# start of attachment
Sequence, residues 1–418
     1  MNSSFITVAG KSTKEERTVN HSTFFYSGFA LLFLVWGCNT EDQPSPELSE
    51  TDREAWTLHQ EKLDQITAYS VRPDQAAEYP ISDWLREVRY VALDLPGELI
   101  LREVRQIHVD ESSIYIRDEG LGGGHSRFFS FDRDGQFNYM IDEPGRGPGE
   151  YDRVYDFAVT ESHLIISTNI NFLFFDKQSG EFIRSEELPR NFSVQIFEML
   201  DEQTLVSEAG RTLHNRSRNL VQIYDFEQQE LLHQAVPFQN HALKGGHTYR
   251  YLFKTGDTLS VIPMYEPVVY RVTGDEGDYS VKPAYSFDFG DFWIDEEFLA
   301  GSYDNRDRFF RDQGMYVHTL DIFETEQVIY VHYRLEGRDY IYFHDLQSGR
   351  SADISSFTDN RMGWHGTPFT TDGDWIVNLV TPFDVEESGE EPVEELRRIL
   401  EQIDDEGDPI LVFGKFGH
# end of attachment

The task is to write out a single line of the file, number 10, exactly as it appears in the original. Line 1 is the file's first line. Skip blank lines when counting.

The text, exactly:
   401  EQIDDEGDPI LVFGKFGH